Martin Scorsese was named best director for The Departed, the film that ran third among the critics' favorites. Amy Berg's Deliver Us From Evil won nonfiction film, George Miller's Happy Feet won animated film and Ryan Fleck's Half Nelson won best first feature.

In one of the most surprising votes, Jean-Pierre Melville's French World War II drama Army of Shadows won foreign-language film; it was made in 1969 but wasn't released domestically until this year. Pedro Almodovar's Volver and Cristi Puiu's Romanian drama The Death of Mr. Lazarescu were the runners-up.

Newcomer Jennifer Hudson took home the supporting actress award for her much-discussed screen debut in Bill Condon's Dreamgirls, and former child star Jackie Earle Haley (The Bad News Bears) won supporting actor for his portrayal of a sex offender in Todd Field's Little Children. Guillermo Navarro won the cinematography award for Guillermo Del Toro's Pan's Labyrinth.

Larry Charles' Borat won no awards but had a strong second runner-up showing for both Sacha Baron Cohen as best actor (after Ryan Gosling in Half Nelson) and nonfiction film (after Michael Apted's 49 Up). The latter award is notable because the film, despite its reliance in improvisation and the unknowing participation of nonactors, has four credited writers.

'United 93,' Whitaker, Mirren, Scorsese get N.Y. critics' nod

NEW YORK -- In what chairman Marshall Fine described as "a dogfight" between United 93 and another fact-based feature, The Queen, Paul Greengrass' 9/11 drama was named best film at the New York Film Critics Circle awards after a four-round tiebreaking vote.

Stephen Frears' Queen earned the most awards--two--including best actress for Helen Mirren as Queen Elizabeth II and best screenplay for Peter Morgan. Forest Whitaker took home best actor honors for his portrayal of Ugandan dictator Idi Amin in The Last King of Scotland.

"'United 93' was really a dark horse," said Fine. "A lot of people avoided seeing it because of the subject matter. It was one of the most harrowing films of the year." The chairman said its best film tie runoff with Queen was the first he'd experienced in his 17 years with the organization. He said this year's other big 9/11 drama, World Trade Center, wasn't really a factor in the voting.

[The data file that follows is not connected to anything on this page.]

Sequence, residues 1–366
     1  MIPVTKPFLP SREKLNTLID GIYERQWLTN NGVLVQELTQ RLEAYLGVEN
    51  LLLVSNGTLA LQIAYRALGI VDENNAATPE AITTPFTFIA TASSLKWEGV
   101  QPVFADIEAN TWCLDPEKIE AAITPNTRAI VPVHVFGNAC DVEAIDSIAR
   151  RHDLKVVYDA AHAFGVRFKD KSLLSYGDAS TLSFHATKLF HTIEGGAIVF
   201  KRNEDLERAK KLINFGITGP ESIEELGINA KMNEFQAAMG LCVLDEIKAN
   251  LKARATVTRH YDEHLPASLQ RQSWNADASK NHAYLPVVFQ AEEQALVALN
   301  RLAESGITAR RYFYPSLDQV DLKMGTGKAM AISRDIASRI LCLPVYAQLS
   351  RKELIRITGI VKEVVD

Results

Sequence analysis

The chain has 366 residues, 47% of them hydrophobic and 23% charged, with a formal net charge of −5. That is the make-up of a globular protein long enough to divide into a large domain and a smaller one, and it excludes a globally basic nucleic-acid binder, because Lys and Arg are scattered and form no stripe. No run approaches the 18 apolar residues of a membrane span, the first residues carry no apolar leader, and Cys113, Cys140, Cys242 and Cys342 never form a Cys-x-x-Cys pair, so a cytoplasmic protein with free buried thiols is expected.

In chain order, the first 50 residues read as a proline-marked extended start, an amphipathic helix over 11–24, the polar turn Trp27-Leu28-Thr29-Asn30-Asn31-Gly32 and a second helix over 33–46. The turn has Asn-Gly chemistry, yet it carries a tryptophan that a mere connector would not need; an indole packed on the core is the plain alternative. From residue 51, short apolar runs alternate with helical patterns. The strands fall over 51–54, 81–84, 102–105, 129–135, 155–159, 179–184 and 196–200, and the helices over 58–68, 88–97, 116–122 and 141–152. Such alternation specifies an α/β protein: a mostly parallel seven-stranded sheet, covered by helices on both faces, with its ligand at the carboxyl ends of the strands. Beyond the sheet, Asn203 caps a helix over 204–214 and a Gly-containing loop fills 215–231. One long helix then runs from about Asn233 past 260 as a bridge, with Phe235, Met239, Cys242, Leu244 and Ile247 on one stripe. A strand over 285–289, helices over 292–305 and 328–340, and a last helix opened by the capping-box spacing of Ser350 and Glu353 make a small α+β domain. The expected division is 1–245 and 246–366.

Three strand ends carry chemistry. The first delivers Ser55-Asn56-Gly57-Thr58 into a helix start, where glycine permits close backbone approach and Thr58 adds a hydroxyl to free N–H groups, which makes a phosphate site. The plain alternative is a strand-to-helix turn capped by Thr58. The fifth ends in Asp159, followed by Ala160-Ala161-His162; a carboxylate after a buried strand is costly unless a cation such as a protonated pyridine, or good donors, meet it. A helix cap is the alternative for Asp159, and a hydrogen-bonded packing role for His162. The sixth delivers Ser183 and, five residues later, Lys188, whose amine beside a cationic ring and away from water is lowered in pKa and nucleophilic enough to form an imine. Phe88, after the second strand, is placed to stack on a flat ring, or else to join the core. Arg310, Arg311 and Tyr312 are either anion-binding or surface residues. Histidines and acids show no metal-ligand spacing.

Martin Scorsese was named best director for The Departed, the film Fine said ran third among the critics' favorites. Amy Berg's Deliver Us From Evil won best nonfiction film, George Miller's Happy Feet won best animated film and Ryan Fleck's Half Nelson won best first feature.

In one of the most surprising votes, Jean-Pierre Melville's French World War II drama Army of Shadows won best foreign language film. Shadows was made in 1969 but never released domestically until this year. Cristi Puiu's Romanian drama The Death of Mr. Lazarescu also had a lot of support, according to Fine.

Newcomer Jennifer Hudson took home the best supporting actress award for her much-discussed screen debut in Bill Condon's Dreamgirls, and former child star Jackie Earle Haley (The Bad News Bears) won best supporting actor for his portrayal of a pedophile in Todd Field's Little Children.

Guillermo Navarro won the best cinematography award for Guillermo Del Toro's Pan's Labyrynth, which was also a top contender for best film and other awards, according to Fine.

Bello, Sher, Gyllenhaal rise, shine

Bello, Sher, Gyllenhaal rise, shine